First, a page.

19. A brilliant idea brilliantly executed!

    The painting is absolutely fab too!


  20. Excellent stuff. Might get them for my VBCW army...

  21. What can I add that hasn't already been said, splendiferous and inspiring stuff as always. Also your writng always shows great respect to our grandfathers, greatgrandfathers and other relatives who fought or in the case above did other courageous work in this terrible conflict.

  22. Thanks for sharing these with us.
    Very inspirational and will be copying these and everything else on your WW1 posts when I eventually start on my WW1 lead pile.

  23. Superb as usual. You seem to be able to inspire with every post. Thx.

  24. Thanks again to everyone who has commented, and indeed read this post. I really appreciate the comments:

    @Michael Awdry and Phil Robinson: Thank you both very much. The commemoration aspect in wargaming, which I think comes through particularly in skirmish or large-skirmish scale wargaming, is something I’m very interested in. In many ways, finding the commemorative aspects in wargaming is a bit of a bonus. It’s also a slightly different way of looking at historical wargaming – but one which can very much run parallel to the two themes of wargaming as a game (and therefore something which is fun) and wargaming as a way of recreating history.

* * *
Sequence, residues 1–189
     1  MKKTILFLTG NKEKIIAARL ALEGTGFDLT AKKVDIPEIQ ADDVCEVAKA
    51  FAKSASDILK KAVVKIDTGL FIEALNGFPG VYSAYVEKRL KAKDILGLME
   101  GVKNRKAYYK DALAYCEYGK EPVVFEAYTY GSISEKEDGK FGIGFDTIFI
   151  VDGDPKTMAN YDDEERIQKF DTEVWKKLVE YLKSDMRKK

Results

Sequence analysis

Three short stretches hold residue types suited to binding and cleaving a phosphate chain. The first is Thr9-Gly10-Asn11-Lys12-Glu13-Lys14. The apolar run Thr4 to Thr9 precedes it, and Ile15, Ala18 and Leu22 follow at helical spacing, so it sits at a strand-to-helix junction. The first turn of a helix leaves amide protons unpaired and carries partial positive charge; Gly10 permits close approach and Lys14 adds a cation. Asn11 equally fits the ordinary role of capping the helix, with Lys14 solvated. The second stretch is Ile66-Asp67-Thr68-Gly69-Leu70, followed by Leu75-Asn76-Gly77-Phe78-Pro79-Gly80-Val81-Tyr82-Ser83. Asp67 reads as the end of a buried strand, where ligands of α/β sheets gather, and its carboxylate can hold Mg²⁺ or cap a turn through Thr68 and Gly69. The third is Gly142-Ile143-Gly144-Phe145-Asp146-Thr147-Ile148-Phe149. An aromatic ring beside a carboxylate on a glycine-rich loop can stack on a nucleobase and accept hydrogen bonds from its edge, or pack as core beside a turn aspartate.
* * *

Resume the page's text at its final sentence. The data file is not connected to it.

@Rodger, Lead Legion, dwilde, and Bedford: Thank you all very much!

    @J Womack, Esq. : Absolutely, Sir. I think they’d fit well with any VBCW force.

    @Silver Whistle: Again, that’s very kind. I’m very pleased you got inspired, because I felt the same when I saw what you were doing on your blog!

    @MiniMike – Mike, that’s really cool. You always provide fantastic stuff on your blog, so anything I can do to pay back for that is something I’m more than happy to do!

  25. Lovely stuff again! If you want a game-use idea for them, why not allocate each player one or two stretcher parties. They could then 'play them like a joker' once in the game to try to reroll a loss of a Big Man perhaps, or hits converted to losses? We use similar ideas in our Colonial games in GHQ.